Try Question-Storming Rather Than Brainstorming

Question-storming women’s history at George Washington University.

Over the years I’ve done a lot of brainstorming, either by myself or with groups, to find creative solutions to various challenges. The technique has been around for decades and consists of listing as many ideas as possible without discussion or judgment. It can be fun and lead to some new ideas, but I’ve also found that its success is significantly shaped by who’s in the room. It’s also so focused on finding an answer that you often overlook if you’ve defined the problem correctly.

As an alternative I’ve been experimenting with question-storming, an idea pioneered by the Right Question Institute (yup, there is such a thing). They’ve designed it for K-12 teachers as a way for students to develop their analytical skills, but I’ve had success with graduate students as well. Rather than provide a list of solutions, the goal is to produce as many questions as possible about the topic or issue.  I’ve set twenty-five as the minimum, aiming for fifty questions. As in brainstorming, you don’t discuss, judge, or answer any questions—that’s done later.  For more details, see the attached Question-Storming handout.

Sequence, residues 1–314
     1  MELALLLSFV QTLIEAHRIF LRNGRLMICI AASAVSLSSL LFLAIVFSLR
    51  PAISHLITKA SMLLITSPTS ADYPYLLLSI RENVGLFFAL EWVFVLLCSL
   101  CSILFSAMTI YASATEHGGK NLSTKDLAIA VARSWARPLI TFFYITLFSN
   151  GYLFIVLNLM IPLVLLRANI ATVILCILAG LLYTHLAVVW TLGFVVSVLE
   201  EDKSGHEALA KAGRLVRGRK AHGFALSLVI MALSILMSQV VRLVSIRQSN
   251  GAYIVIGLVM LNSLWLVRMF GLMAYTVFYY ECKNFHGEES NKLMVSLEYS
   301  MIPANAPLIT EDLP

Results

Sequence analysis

Some of the questions generated about African American history in Washington, DC.

I recently conducted a question-storming session in my “interpretation of house museums” class at George Washington University, using the history of women and African Americans in Washington, DC from 1750-2000 as the focus. Most of my students aren’t historians, so asking them to identify major events, people, topics, or themes would have been nearly impossible or resulted in the usual ideas, such as slavery/emancipation/civil rights pattern for African American history. By switching to questions, the ideas broadened significantly and were much more sophisticated.  At the end, they narrowed their questions to:

  • Were women able to make their own health decisions?
  • What were the social roles of single women?
  • How did dress and beauty standards for women change over time?
  • How did African Americans engage in politics with the DC government?
  • How did the rights of African Americans in DC compare with other parts of the world?
  • How in DC could African Americans improve their lives?

I want to develop more experience with this technique before I use it with a client, but I’m definitely including it among my tools for developing topics and themes for tours, exhibitions, and programs at historic sites and house museums.  If you are using this technique outside the classroom, please share your experiences in the comments below.

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